What is Gaslighting?
Gaslighting is a form of emotional abuse that causes a victim to question their own feelings, instincts, and sanity.
Gaslighting is a behaviour that people learn by watching others and can take place in any type of relationship, including romantic, platonic, family, or work relationships.
The term "gaslighting" comes from the name of a 1938 play and 1944 film, Gaslight, in which a husband manipulates his wife into thinking she has a mental illness.
The abuser tries to control the victim by twisting their sense of reality and making them doubt their own perceptions and memories.
Gaslighting happens gradually in a relationship, and the abusive partner's actions may seem harmless at first, but over time, the patterns continue, and the victim can become confused, anxious, isolated, and depressed.
Some signs of gaslighting include:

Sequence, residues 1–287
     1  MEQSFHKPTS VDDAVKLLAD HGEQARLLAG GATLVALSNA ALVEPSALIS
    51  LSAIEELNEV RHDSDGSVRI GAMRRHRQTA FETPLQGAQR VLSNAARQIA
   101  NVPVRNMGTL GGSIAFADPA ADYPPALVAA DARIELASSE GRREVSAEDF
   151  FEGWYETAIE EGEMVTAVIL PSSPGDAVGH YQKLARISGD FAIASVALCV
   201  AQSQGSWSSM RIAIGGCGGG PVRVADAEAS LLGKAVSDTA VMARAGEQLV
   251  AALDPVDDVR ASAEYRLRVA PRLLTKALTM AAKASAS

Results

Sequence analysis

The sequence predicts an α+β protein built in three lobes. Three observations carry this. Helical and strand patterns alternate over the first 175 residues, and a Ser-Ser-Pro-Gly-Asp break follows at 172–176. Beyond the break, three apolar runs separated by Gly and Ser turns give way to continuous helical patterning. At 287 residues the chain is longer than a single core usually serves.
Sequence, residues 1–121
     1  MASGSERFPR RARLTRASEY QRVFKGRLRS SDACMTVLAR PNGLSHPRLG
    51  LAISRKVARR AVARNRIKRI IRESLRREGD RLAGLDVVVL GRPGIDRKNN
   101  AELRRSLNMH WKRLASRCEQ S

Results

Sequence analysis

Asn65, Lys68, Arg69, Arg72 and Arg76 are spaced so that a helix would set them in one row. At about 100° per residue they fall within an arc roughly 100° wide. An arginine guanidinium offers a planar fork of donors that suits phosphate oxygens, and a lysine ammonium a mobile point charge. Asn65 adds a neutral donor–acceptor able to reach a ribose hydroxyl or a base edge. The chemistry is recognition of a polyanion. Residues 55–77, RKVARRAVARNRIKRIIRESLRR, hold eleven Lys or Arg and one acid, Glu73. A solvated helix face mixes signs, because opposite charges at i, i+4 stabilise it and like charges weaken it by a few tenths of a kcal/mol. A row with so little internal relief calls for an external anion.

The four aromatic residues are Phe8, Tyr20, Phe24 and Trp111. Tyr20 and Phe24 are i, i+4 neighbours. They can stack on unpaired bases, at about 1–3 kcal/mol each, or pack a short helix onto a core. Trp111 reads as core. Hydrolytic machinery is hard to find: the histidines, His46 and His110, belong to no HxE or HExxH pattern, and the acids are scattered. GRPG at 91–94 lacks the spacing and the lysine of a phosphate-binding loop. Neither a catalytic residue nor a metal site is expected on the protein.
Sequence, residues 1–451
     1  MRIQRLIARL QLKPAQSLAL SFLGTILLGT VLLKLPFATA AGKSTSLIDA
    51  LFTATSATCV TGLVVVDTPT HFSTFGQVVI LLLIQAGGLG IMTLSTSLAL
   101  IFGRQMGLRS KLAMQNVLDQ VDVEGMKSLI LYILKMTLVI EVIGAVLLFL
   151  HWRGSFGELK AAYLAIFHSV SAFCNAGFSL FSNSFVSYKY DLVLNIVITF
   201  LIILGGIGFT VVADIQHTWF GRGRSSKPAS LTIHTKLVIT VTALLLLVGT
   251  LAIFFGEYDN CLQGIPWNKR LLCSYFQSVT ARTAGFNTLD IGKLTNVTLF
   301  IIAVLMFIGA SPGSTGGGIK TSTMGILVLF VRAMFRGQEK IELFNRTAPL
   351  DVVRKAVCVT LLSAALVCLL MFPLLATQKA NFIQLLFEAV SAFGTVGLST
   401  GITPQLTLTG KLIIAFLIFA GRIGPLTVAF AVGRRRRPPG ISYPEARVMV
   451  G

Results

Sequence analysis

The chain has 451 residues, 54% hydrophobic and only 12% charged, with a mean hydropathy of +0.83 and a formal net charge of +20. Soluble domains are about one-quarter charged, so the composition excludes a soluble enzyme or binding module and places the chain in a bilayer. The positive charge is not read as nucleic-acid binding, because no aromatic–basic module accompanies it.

· The abuser denies that certain events happened or that they said certain things
· The abuser tells the victim that they are crazy, irrational, or overly sensitive
· The abuser accuses the victim of being unfaithful or lying
· The abuser isolates the victim from friends and family
· The abuser uses the victim's weaknesses or vulnerabilities against them
If someone is experiencing gaslighting, it is important to recognise that it is a form of abuse and can damage their mental and physical health. Victims can seek help from a mental health professional or a domestic violence hotline.
It is not the survivor's responsibility to try to help the abuser see the error of their ways and get help.
People are more aware of this type of abuse now. If it exists it doesn't necessarily mean that you can't use mediation to help sort out the issues in any separation or divorce situation but the suitability of mediation would be discussed in a private MIAM - Mediation Information and Assessment Meeting. If you have any questions about whether mediation might be able to help you or someone you know email us at email@example.com or call us on 0800 206 2258.